Taal eruption: ‘Humbled’ tourists stranded in hotels as volcano spews ash

Taal eruption: ‘Humbled’ tourists stranded in hotels as volcano spews ash

A Scottish holidaymaker confined to his hotel by ash has described the “humbling, amazing and worrying” eruption of Taal volcano in the Philippines.

Flights from Manila, the Filipino capital, have been disrupted since the eruption began on Sunday.

Ewan Carroll, originally from Dunblane, Scotland, was awoken by tremors on Sunday morning while on an anniversary weekend away in Tanauan, Batangas.

“I was lying in bed upstairs in a beautiful lakeside villa when I felt the house shake,” the 44-year-old told the PA news agency.

“After a few tremors, I went downstairs and saw the enormous column of smoke.

“It was humbling, amazing and worrying all at once.”

Mr Carroll, who has worked in Brisbane, Australia as a primary school teacher for the past 15 years, says they quickly left the villa and are now at a hotel in Manila 37 miles away.

“I have asthma and so even in Manila we are confined to the hotel because of the ashfall all around which (Philippines authorities) reported as dangerous.

“We have a one-and-a-half-year-old daughter who we also worry about as the face masks are too big for her.”

There have yet to be any casualties or major damage reported due to the eruption, but ash has been blown more than 62 miles, coating the area

Filipino student John Tugade, 22, is from the town of Taal, just south of the island volcano, and told the PA news agency: “Taal Volcano erupting consisted of frequent earthquakes as well as thunderous roars.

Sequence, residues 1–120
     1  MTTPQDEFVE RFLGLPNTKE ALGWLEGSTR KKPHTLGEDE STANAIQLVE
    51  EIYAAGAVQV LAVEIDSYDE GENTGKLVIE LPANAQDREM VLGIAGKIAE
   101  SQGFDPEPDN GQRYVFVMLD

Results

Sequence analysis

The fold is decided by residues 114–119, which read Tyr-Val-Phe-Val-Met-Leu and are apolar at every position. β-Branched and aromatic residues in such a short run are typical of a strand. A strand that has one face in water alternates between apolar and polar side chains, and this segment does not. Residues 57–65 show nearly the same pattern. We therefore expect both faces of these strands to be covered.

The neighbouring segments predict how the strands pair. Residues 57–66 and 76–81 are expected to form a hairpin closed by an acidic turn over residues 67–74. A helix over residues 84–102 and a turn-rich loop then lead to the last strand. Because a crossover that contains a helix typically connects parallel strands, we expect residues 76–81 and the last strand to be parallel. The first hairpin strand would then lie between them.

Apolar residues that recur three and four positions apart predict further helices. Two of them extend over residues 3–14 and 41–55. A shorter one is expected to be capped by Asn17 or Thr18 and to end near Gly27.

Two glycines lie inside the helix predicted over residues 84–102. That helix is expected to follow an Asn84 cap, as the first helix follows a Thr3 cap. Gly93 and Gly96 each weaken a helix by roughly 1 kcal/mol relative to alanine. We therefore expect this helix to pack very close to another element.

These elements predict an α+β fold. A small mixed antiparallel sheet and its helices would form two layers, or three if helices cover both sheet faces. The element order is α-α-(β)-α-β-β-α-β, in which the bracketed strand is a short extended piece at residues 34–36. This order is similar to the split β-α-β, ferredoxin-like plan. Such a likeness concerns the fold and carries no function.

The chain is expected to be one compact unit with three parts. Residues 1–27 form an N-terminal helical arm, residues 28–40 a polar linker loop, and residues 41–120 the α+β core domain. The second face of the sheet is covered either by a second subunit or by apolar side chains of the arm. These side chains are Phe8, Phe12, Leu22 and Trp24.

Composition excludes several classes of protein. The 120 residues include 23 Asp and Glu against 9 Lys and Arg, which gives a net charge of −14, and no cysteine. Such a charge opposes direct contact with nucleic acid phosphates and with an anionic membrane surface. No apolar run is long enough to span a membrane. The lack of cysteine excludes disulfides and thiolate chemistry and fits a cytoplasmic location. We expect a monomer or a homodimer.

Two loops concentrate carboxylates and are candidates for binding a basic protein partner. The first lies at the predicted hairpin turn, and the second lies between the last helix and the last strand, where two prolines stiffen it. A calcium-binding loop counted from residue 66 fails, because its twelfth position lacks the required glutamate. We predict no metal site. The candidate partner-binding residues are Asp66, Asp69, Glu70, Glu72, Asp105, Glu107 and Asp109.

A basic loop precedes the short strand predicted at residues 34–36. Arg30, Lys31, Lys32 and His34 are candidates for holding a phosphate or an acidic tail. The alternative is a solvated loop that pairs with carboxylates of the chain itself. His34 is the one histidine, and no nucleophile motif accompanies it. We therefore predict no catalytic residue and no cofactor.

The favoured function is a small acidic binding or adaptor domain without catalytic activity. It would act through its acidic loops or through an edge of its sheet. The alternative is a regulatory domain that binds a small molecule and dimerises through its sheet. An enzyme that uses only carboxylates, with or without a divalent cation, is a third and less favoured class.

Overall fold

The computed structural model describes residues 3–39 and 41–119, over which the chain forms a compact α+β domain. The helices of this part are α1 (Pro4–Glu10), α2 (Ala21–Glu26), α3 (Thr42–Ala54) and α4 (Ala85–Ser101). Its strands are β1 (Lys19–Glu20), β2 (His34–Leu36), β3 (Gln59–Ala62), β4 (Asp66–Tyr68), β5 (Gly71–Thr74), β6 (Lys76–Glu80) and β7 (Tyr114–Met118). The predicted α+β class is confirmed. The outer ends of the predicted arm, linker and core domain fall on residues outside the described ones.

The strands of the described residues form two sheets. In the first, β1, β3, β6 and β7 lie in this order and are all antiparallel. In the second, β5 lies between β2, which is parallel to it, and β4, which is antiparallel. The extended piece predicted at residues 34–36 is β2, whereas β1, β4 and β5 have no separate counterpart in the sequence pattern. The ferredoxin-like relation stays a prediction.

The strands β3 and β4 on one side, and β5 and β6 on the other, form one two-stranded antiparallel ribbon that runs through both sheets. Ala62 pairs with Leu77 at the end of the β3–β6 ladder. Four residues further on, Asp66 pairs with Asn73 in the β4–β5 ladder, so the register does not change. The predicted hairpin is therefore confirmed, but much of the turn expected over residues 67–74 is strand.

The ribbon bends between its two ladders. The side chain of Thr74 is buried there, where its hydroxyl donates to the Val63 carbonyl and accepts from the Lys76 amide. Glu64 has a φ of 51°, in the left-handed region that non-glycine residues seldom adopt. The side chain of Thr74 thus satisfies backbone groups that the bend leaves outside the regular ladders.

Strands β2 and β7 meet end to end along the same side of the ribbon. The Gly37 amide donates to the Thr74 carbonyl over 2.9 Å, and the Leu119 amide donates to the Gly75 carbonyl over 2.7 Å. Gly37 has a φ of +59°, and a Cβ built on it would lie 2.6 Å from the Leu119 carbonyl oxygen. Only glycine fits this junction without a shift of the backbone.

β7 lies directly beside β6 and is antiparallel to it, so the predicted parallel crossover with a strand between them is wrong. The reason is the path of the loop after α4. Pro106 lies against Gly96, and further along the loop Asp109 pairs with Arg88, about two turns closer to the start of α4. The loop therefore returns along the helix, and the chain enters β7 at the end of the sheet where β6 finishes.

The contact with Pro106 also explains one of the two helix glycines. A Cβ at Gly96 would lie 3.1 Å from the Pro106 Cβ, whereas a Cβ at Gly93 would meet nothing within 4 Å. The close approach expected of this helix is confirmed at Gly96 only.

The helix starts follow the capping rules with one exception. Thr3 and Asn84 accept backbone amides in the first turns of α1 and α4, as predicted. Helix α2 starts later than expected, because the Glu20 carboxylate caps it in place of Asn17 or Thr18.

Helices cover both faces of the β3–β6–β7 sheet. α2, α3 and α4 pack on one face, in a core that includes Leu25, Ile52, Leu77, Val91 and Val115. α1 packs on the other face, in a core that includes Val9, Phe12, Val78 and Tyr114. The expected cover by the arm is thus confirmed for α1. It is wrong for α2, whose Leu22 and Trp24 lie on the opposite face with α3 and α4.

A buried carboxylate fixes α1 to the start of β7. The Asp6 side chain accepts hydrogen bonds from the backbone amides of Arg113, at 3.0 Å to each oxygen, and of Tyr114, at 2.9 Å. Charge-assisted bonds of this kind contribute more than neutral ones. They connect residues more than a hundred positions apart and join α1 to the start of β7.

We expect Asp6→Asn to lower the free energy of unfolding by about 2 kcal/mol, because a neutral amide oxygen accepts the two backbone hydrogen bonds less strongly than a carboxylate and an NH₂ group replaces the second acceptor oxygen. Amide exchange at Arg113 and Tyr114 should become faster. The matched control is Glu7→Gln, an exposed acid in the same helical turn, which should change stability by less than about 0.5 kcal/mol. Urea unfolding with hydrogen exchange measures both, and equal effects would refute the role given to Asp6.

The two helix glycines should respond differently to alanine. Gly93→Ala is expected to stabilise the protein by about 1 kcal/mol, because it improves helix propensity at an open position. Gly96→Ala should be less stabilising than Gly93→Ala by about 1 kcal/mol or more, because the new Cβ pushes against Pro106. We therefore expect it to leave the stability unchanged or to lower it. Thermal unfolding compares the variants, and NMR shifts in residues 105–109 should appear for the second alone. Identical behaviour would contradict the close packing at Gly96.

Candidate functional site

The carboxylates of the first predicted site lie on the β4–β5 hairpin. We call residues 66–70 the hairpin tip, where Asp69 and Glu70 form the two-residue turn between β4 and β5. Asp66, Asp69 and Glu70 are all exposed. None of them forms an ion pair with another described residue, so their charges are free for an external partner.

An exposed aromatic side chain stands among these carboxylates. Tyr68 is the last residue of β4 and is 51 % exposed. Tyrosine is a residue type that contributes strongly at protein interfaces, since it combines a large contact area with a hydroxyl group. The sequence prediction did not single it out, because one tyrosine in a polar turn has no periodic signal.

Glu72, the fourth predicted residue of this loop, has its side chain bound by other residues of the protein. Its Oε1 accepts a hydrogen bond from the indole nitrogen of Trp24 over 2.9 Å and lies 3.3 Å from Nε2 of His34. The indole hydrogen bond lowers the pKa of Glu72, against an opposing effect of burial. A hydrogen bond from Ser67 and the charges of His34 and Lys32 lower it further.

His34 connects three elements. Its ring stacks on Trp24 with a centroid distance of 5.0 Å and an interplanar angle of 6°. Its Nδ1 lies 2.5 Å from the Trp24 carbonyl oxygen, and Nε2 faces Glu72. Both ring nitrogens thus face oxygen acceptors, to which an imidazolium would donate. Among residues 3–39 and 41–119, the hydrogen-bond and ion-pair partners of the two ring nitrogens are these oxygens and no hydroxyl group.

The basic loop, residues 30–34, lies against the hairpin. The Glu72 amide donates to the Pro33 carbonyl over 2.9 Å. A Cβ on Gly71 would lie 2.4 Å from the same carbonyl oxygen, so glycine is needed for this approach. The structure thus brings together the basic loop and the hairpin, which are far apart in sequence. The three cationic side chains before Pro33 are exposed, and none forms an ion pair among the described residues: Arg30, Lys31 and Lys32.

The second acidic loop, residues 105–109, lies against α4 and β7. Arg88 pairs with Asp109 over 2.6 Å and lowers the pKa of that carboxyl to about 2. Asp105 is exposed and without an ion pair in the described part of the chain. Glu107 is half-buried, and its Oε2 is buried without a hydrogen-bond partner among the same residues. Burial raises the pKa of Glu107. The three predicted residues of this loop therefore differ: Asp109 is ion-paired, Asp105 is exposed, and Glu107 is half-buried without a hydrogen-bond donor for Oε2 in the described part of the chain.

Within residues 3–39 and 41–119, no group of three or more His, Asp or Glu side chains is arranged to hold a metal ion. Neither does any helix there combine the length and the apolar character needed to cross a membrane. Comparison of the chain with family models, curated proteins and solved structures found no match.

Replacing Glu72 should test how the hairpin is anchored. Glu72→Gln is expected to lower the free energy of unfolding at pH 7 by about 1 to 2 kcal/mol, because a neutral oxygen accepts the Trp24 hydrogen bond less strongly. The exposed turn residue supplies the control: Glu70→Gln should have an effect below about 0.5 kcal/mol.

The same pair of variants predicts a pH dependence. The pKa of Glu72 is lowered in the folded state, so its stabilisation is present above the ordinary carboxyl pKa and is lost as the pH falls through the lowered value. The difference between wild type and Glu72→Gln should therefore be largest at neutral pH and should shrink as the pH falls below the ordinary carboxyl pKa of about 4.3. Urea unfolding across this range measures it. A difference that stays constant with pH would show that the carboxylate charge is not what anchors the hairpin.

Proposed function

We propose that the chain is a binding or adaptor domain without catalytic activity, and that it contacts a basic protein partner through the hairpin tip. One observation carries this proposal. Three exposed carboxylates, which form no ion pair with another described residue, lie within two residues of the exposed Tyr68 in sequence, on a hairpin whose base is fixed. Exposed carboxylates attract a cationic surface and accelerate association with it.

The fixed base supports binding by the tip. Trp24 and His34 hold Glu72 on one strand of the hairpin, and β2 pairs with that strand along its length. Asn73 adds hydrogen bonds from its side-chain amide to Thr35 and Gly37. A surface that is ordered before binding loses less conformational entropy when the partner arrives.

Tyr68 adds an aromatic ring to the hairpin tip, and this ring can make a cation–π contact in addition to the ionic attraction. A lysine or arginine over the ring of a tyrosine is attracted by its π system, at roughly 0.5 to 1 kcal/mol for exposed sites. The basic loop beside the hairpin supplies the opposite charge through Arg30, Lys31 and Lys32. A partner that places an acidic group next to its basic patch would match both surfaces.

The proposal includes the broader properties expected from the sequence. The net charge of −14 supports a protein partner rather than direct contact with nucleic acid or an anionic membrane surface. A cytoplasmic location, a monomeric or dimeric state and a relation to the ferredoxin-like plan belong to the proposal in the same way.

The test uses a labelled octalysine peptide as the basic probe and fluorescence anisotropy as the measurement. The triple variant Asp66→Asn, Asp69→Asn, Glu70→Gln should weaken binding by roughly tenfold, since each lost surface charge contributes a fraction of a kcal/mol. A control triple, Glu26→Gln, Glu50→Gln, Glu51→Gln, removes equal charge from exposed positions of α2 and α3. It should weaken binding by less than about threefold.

“If you were at the scene, you could hear the subtle eruption sounds as well as see the lightning that crackles around the spiral of smoke.”

Fellow student Lance Virtucio, 18, added that “the air smells like gunpowder”.

(Aaron Favila/AP)
(Aaron Favila/AP)

Experts have warned the eruption could get worse in the coming days and Philippine authorities plan to evacuate hundreds of thousands from the area.

All flights were initially halted at Ninoy Aquino International Airport, cancelling more than 500 flights, but the transport hub partially reopened today.

“Although we are not scheduled to fly out until Monday 20, it’s unclear when the ash cloud will dissipate enough for flights to resume,” Mr Carroll said.

“So, in a nutshell, worrying times still lie ahead.”

The Philippines’ authorities are currently recommending evacuation of an area within a 14km radius of the Taal main crater.

People can follow updates on the PhiVolcs official website.

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